“An Analysis of the Skype Peer-to-Peer Internet Telephony Protocol” (2006) was first paper to use traffic analysis to reverse-engineer an intentionally obscured network application. The other coauthor, Salman Baset, was Schulzrinne’s student at the time.
For their collaborative project “Acceleration of Deep Neural Networks via Heterogeneous Computing for Real-Time Processing of Neutrino and Particle-Trace Imagery,” Luca … Continue reading Luca Carloni and Georgia Karagiorgi (Physics) are among 2018 RISE awardees
The National Science Foundation (NSF) has awarded a $1.2M, four-year grant to computer science theorists Christos Papadimitriou and Mihalis Yannakakis for their … Continue reading Christos Papadimitriou and Mihalis Yannakakis receive $1.2M NSF grant
“Discriminative Training Methods for Hidden Markov Models: Theory and Experiments with Perceptron Algorithms” laid the foundation for how to use machine learning methods across a range of natural language processing tasks.
Award cites Yung’s innovative contributions to computer and network security. Yung (CS PhD ’88) is an adjunct and visiting faculty at Columbia and has advised several PhD students including Gödel Prize winner Matthew K. Franklin.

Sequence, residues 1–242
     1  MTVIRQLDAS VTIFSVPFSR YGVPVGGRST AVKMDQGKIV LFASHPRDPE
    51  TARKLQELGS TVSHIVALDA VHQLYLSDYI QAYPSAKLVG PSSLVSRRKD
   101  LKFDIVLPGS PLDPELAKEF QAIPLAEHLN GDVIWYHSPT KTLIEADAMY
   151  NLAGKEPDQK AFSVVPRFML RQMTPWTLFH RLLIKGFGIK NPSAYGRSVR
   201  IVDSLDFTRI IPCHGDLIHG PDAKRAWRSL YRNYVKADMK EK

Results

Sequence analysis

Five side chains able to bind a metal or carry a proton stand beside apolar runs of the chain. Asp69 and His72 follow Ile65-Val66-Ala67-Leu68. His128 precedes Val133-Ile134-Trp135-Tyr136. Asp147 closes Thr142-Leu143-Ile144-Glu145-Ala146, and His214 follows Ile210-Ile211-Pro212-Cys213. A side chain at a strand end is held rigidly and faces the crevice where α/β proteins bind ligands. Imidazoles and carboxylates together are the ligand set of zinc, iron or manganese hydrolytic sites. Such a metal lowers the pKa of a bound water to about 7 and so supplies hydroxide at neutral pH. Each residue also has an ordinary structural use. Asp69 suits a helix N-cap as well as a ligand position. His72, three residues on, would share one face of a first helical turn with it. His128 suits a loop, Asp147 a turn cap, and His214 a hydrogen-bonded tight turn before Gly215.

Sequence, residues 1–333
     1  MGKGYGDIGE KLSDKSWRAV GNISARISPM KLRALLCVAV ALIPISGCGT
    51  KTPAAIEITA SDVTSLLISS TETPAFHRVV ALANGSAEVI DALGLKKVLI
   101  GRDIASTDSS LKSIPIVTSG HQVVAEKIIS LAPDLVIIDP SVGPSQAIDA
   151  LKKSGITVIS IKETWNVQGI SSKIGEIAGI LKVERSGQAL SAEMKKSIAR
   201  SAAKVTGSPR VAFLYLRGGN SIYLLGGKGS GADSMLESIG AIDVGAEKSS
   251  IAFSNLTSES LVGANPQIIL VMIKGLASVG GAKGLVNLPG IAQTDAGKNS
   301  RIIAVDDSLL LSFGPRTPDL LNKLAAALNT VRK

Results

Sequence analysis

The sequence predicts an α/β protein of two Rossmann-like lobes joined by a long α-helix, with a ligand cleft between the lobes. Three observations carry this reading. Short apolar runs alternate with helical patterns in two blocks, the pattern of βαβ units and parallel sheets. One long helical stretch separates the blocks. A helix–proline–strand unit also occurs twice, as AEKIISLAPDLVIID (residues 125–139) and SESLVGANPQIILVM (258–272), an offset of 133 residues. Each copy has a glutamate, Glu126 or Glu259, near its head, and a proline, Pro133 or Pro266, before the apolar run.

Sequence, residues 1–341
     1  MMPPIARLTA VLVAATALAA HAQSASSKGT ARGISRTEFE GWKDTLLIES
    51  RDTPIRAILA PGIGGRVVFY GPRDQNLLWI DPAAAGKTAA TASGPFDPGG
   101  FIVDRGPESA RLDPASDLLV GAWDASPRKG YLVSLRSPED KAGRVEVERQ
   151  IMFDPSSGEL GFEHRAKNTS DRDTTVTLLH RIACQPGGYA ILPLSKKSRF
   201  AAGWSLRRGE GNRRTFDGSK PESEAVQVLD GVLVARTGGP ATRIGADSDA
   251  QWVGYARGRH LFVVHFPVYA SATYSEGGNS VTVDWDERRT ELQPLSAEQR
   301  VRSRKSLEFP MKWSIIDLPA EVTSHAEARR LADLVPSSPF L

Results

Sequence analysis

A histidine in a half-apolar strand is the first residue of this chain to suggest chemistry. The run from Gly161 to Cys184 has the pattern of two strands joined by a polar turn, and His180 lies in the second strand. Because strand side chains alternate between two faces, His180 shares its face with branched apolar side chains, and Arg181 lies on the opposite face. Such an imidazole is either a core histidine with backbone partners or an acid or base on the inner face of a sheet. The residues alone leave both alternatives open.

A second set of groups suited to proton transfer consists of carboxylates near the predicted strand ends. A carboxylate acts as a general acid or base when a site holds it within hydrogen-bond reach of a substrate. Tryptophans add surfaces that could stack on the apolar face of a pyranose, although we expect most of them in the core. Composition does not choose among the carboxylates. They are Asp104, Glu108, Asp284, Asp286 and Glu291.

Student & Alumni News
“How wonderful would it be if the growth of scientific and technological innovation would come along with more equality and … Continue reading Not the usual hackathon: Five Columbia students travel to Rome for the Vatican’s VHacks competition
A PhD candidate advised by Shree Nayar, Smith is the creator of RAD (racing auditory display), which uses audio cues so players who are visually impaired can play existing video racing games.
Maynard Marshall Ball has been selected to receive a two-year IBM PhD Fellowship for the 2018-19 and 2019-2020 academic years. … Continue reading Maynard Marshall Ball awarded IBM PhD Fellowship
Unequal parts hackathon and learnathon—the emphasis is solidly on learning—the annual DevFest took place last month with 1300 participants attending. … Continue reading DevFest draws 1300 beginner, intermediate, and experienced coders
PhD student Brian A. Smith developed the RAD—racing auditory display—to enable people who are visually impaired to play the same racing games sighted players play, with the same level of speed, control, and excitement.